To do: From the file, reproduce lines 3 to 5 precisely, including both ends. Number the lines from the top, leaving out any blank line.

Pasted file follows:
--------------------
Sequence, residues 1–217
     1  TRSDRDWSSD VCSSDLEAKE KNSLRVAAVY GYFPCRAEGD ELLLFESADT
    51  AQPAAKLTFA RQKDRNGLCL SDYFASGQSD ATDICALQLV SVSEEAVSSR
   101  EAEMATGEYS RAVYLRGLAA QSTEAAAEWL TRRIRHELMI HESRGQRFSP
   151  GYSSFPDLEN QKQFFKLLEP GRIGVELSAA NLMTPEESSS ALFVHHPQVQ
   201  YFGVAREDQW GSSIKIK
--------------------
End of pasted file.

    51  AQPAAKLTFA RQKDRNGLCL SDYFASGQSD ATDICALQLV SVSEEAVSSR
   101  EAEMATGEYS RAVYLRGLAA QSTEAAAEWL TRRIRHELMI HESRGQRFSP
   151  GYSSFPDLEN QKQFFKLLEP GRIGVELSAA NLMTPEESSS ALFVHHPQVQ